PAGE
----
-Gus ~rt fmeat:

Bla k Forest Clo k -Carl \Veckhors[

130

118

82

-' 121

85

12

126

Gallerv

Donald Frechette _ Silas KopF

Sre- e Malavolta

letT Nelson Jim Reidle

Jim Reidle, Sr.

[udv Gale Roberts

,

James Shirlt') and Sons Hal Smith

]32 133 134 136 139 142 145 146 148 150 -151 1')4 116

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98
IOL
104
108
!O9
~ l~'
113
'- Gerald Wheeler Robin \'\'inz:

Marc Young

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Metrit, Equivatenc) Chan Index

158 ]S9

---------------------- ScrollSaws----~----------------

1

An antique scroll saw 'dating to the 1820's. This, The Star saw, was very similar to others sold under such names as Cricket and New Rogers. Made by the Millers Falls Co. this was probably the most popular of foot-powered treadle saws. It was inexpensive, just $2.50. These saws satisfied the demand for a cheap, foot-

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The blade clamp and lever tensioning system on the early scroll saws. Designed over 100 years ago, it is still one of the quickest and easiest of all (including those today) to use tor clamping and tensioning the blade with no wrenches or set screws. Note how the double pivot linkage of the lever creates blade tension when lifted.

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The most elegant and sought after by antique collectors is this Barnes Velocipede No.2 saw. An industrial quality tool of the late 1800s, it is capable of cutting stock 3" thick at the rate of one foot per minute. Up to one thousand two hu ncred, 1 Y2" strokes per minute can be achieved. This

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powered saw lor the home shop, and presumably it was also sold abroad. 11 weighed only 17 pounds, was 37" high, had a 17\12" throat capacity and a table just 8" in diameter. It featured wooden arms and very efficient quickrelease blade clamps with a builtin flip lever tensioninq system.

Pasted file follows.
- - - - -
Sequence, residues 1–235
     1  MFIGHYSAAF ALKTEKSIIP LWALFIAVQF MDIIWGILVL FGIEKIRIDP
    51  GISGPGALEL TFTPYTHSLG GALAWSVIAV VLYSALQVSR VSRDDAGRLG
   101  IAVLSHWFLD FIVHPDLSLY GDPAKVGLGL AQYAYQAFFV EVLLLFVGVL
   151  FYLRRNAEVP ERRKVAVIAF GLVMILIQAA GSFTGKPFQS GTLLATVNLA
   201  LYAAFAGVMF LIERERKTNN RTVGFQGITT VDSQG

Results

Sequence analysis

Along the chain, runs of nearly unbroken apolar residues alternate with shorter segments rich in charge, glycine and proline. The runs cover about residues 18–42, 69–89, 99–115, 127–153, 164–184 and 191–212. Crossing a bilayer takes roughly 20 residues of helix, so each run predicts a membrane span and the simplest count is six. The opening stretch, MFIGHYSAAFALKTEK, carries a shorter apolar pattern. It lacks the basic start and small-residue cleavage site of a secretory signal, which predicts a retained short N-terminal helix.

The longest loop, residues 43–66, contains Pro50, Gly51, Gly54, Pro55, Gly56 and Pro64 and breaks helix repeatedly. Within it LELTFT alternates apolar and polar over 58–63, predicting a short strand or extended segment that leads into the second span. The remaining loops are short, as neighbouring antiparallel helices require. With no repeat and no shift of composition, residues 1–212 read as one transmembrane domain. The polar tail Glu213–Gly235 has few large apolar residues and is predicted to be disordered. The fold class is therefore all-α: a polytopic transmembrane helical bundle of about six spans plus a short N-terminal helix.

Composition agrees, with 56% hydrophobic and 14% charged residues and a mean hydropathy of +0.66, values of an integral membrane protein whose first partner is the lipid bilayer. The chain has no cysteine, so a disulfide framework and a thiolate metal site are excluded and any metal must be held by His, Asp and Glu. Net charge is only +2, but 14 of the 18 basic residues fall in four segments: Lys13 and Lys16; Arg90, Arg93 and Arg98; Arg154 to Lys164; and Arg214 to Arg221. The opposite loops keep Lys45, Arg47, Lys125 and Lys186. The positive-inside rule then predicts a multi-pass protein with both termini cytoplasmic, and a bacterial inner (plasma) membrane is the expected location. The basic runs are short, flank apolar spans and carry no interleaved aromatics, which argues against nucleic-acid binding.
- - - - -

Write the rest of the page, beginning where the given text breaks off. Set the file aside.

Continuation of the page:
saw stands 48" high, has a 24" throat capacity, carries 5" to 7" blades and has a generous 20"diameter solid wood table.

Shown here is an aluminum reproduction model available from the Tool Company of Raymore, Missouri.

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This modern mid-priced bench-top scroll saw by Delta International features 2 speeds and is capable of cutting from 850 to 1725 cutting strokes per minute. It has a 16" throat and a 2" stock thickness cutting capacity. Other features include a tilting table 11 %" in diameter and newer models have quick blade 'clamping and tensioning devices.

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The Excalibur 30 saw has the largest throat capacity available today. This saw features a 30" throat and 2" stock thickness culting capacity. It offers a constant power variable speed, and cutting action from 60 to 15003;''' strokes per minute. One unique feature is the top arm which lifts with an optional foot pedal. This makes it

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The Hegner saws are credited -...~_ with the 1970s resurgence of

scroll sa~ing wit_h their introduction of ,an electrically driven, hightech engineered machine made of modern metal alloys,

Manufactured in Germany, available worldwide and distributed in the U,S. by Advanced Machinery

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especially easy to thread the

blade down from the top side wheo making inside cutouts on v-pry large workpieces. This saw also features an effective quick blade cIgmp and up front lever tensioning device. Excalibur saws are made 'in Scarborough, Canada ,and distributed in the U.S. by Seyco Sales Co., Garland Texas.

Imports of New Castle, Delaware, this model 18-V-is one of the most popular models among woodworkers. It will cut stock up to 23/g" thick. It has a 400 to 1700 vari-

able strOke drive and cuts metals

and plastics as well as WOOd. Optional quick-change blade clamps are available.

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general qrps and Ins.trucriolls---------

1

A magnification.lamp is a recommended accessory for accurate, precise sawing of fine, detailed work. Shadow-free illumination and line magnification make expert, precise sawing easy.

2

The best blade clamps today are of the quick "fingeNelease" type shown here. Made by Seyco Sales of Garland, Texas, these clamps are available to Iii most brands of popular scroll saws, many of which otherwise still require allen wrenches or other cumbersome devices.